Editorial: The public has a right to speak, good or bad

Posted 5/27/21

Public bodies can meet behind closed doors if they’re discussing someone’s job performance or negotiating terms of a contract. They can add things to their agenda if a majority agree to …

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Editorial: The public has a right to speak, good or bad

Posted

Public bodies can meet behind closed doors if they’re discussing someone’s job performance or negotiating terms of a contract. They can add things to their agenda if a majority agree to do so.

They can limit public discussion if they choose. They can enact their own rules for how long someone is allowed to speak.

All these are delineated in a tidy state law known as the Open Meetings Act, which says nothing about silencing critics — or not listening to someone who might say something mean.

Yet that’s what happened during Monday night’s Bristol Warren Regional School Committee meeting. Warren resident Daryl Gould, a frequent agitator for this district, began to read a letter that had already been published (May 20) in this newspaper. He was being critical of committee member Carly Reich, who sarcastically thanked fellow board member Victor Cabral for “mansplaining” something to her during a prior public meeting.

For those not familiar, “mansplaining” is a slang description for when a man allegedly talks down to a woman.

On Monday night, Mr. Gould got one sentence into his statement before school district legal counsel Mary Ann Carroll interjected and said, “Public comments are not to in any way criticize members of the school committee … They’re for comments that might have to do with the public.” She recommended that the public comment section be closed, and Chairwoman Marjorie McBride immediately agreed. Mr. Gould was done talking, as was anyone else for that matter.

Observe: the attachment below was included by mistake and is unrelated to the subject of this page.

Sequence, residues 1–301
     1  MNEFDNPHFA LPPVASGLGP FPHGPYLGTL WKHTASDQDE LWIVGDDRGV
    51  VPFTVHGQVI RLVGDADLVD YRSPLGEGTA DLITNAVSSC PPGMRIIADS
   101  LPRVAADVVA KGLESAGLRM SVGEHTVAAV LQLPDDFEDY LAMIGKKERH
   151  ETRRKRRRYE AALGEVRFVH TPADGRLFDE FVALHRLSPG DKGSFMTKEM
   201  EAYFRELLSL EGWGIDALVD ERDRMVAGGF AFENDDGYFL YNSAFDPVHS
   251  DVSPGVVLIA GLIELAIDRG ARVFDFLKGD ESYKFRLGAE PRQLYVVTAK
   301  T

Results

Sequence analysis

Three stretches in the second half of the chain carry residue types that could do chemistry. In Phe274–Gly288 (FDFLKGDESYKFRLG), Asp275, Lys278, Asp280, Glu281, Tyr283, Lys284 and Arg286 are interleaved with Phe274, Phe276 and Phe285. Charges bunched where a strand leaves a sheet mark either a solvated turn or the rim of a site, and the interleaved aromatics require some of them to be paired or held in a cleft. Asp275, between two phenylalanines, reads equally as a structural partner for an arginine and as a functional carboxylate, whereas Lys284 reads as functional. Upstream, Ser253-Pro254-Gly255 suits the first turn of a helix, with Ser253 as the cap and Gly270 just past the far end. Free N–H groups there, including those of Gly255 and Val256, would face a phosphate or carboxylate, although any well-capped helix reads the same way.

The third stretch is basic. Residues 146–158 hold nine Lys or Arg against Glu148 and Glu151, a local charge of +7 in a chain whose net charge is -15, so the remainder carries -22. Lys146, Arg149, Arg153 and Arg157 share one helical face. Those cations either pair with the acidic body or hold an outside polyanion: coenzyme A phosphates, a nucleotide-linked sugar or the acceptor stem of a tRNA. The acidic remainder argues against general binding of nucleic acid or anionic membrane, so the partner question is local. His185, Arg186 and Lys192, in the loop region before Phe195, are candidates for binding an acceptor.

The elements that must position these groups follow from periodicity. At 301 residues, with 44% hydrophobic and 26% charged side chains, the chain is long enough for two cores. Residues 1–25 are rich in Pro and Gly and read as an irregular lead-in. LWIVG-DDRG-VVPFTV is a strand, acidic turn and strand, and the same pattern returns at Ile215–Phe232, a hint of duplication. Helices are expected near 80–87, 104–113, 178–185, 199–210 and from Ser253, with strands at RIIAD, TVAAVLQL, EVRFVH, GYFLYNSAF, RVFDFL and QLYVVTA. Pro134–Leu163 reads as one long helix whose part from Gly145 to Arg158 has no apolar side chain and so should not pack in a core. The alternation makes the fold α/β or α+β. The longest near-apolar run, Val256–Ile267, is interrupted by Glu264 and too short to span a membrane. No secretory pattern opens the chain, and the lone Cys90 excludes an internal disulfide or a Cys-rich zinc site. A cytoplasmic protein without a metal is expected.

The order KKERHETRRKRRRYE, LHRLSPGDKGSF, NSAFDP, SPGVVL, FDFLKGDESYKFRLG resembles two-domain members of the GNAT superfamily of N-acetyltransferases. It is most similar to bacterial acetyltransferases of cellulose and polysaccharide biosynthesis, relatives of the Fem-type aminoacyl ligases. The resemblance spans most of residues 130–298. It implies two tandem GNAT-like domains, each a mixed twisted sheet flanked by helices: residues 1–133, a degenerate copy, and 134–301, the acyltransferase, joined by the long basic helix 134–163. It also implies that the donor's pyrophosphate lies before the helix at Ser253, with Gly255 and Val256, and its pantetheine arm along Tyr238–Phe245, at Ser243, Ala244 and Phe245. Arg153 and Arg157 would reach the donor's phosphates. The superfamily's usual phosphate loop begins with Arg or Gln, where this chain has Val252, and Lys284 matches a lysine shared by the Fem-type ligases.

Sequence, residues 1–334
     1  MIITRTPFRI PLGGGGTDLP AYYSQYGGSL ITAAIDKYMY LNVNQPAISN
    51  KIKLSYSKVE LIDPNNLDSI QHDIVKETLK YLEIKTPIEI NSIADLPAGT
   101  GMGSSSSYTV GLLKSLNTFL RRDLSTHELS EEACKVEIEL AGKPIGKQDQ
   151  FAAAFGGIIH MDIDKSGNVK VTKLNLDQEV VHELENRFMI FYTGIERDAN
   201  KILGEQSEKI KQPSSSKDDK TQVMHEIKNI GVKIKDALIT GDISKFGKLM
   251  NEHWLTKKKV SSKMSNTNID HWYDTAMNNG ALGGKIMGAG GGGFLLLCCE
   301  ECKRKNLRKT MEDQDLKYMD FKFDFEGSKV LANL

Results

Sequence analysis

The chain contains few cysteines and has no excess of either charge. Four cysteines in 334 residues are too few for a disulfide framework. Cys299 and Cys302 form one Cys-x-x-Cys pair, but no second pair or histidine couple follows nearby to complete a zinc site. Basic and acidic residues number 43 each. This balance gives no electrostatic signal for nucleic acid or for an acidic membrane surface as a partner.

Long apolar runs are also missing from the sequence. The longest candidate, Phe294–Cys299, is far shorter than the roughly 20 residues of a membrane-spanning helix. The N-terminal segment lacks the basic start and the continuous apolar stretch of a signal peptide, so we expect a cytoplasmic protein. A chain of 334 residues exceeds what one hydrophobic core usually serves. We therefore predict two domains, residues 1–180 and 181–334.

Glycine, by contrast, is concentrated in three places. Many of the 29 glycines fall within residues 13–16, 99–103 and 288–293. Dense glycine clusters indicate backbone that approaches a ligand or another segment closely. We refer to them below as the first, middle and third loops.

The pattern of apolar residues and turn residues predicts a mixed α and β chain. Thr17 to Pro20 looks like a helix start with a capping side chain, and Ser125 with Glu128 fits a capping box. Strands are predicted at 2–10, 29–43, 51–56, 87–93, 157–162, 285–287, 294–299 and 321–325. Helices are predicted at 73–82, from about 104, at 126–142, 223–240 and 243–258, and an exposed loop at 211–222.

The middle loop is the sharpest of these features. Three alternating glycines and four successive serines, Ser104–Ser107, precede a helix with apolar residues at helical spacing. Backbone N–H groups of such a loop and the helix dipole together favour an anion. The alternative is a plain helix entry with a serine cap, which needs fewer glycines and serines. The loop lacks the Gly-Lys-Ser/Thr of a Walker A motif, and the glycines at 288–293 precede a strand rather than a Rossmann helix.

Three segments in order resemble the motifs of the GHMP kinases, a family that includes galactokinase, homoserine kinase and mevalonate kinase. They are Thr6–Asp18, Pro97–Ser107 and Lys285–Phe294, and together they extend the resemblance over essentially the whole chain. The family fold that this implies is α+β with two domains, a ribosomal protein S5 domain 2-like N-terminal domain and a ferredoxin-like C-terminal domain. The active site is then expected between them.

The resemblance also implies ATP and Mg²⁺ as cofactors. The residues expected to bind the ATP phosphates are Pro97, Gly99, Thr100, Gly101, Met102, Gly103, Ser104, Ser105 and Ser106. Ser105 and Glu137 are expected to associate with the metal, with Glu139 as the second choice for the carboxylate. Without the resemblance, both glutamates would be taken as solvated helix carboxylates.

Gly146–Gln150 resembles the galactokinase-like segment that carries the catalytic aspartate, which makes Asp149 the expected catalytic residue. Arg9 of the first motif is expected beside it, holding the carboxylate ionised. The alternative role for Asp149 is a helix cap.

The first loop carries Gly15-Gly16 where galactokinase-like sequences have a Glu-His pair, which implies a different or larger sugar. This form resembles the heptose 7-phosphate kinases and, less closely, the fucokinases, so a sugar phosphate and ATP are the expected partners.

Setting aside the gross misrepresentation of state law, it’s startling that committee leaders consider criticism of public actions which took place in public meetings to be out of bounds for members of the public speaking in public forums.

Furthermore, this is the latest example of the power given to hired attorneys to help manage public bodies. Throughout local government, the solicitor or legal counsel often wields enormous power in day to day affairs. The attorneys — all of them hired contractors — shape and sometimes control agendas, decisions, communication and meetings for bodies like town councils, school committees, planning boards and zoning boards.

There are good reasons for having these attorneys present. They protect public bodies from running afoul and exposing themselves, and by extension taxpayers, to legitimate lawsuits.

However, these “advisors” are often over-protective, obsessively risk-averse, and working subtly against the best interests of the public.

Nothing prevents government officials from reading and understanding the Open Meetings Act or Access to Public Records Act themselves and making their own decisions. Private citizens do. Journalists do. Far too often, government leaders do not.

On Monday night, both the attorney and the school committee overzealously stifled public comment. It’s not a good look for a board that professes it wants to be open and transparent with the public.

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Meet our staff
Jim McGaw

A lifelong Portsmouth resident, Jim graduated from Portsmouth High School in 1982 and earned a journalism degree from the University of Rhode Island in 1986. He's worked two different stints at East Bay Newspapers, for a total of 18 years with the company so far. When not running all over town bringing you the news from Portsmouth, Jim listens to lots and lots and lots of music, watches obscure silent films from the '20s and usually has three books going at once. He also loves to cook crazy New Orleans dishes for his wife of 25 years, Michelle, and their two sons, Jake and Max.